Lewis Baltz

[The] question of [the] medium is something that seems to be kind of mercifully disappearing now. I don’t think anyone really identifies themselves by the medium, except maybe painters — who will hate me for saying that.
Lewis Baltz

It seems like there’s another generation that’s arising; that it’s almost become a genetic change. There children all over the world who seem to have some innate ability to deal with information on the screen, to manipulate digital symbols, to feel comfortable with this as though they had drunk it in with their mother’s milk. It is almost their second nature. And perhaps a new kind of human being is evolving in front of us and we’re not sure how to name it yet.
Lewis Baltz

What I found that was younger artists no one is going to be media-defined. They simply take for granted that all these mediums such as computer, video, photography, film are available and have their particular qualities. They move very gracefully from one to another. So I think that question of medium is something that seems to be kind of mercifully disappearing.
Lewis Baltz

Santa Fe

Andy Adams (Flak) sent me a lovely email about his new feature, the work of this year’s Santa Fe portfolio review attendees. As I was not selected I felt a little bitter about the whole thing. So I told Andy, I was really not in to posting about it. But today I came across Sarah Sudhoff’s lovely post about her experience and reconsidered. We are all striving for the same things, and we all put the same amount of energy, time, love and sacrifice into photography. Sarah’s work also deals with a very real issue, and I imagine galleries say similar things to her about the difficulty of selling work and that maybe it does not match the sofa so to speak. But her images are startlingly beautiful, despite the very painful and emotional subject matter of cancer. A word people do everything in their power to avoid.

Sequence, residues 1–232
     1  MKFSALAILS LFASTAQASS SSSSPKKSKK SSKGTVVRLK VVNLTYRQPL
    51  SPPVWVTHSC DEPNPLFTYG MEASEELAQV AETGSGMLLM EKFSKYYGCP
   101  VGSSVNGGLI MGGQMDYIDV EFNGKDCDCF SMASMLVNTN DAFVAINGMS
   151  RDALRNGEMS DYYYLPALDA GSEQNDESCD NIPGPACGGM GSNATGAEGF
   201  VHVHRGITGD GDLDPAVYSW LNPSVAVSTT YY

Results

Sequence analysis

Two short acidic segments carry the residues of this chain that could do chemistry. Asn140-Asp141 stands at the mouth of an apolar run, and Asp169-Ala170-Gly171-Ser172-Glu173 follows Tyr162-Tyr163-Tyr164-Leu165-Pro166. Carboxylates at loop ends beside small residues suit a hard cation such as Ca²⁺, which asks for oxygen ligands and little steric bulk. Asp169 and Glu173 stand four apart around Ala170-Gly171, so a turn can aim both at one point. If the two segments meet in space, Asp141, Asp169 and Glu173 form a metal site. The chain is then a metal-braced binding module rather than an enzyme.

It struck me that there is something inherently strange about the built in valuation process of making art. Every day I wake up and face this process. I have to constantly subject my work to the judgment of others. But by making it, I have no other choice. Sometimes, it can be soul crushing and you see the good fortune of others and feel pretty bad for a moment. Reading Sarah’s post, I knew exactly how great she must have felt getting feedback and meeting the people who have the power to make her career happen. Getting that validation is almost like a drug . And when it’s taken away or withheld, it is brutal. So I guess the only solution is to let yourself feel horrible for a bit and then pick yourself up and move on. Because in reality we all go through it, even after we get a book deal or a show and move up the art world food chain. Without some sort of inner coping mechanism, you will be destroyed. It took me a very long time, but I really believe in my work. And in reality there are a ton of great things happening for me in my career. Sometimes I am shocked to see how far I have come in the year since I finished school. And I feel so grateful for all the wonderful support and feedback I have received.

A few night’s ago the lovely and very talented Corinne May Botz’s invited me to present my work to her portrait class at Cooper Union. I had to fill an hour and was a little nervous beforehand. But it was one of the most satisfying and rewarding experiences so far of my career. The students completely understood my work, and saw things I had not even considered. Watching the project come alive and affect people like that is why I have sacrificed so much and work so hard. So as my boyfriend is always telling me two steps forward one step back, means you are still moving a head.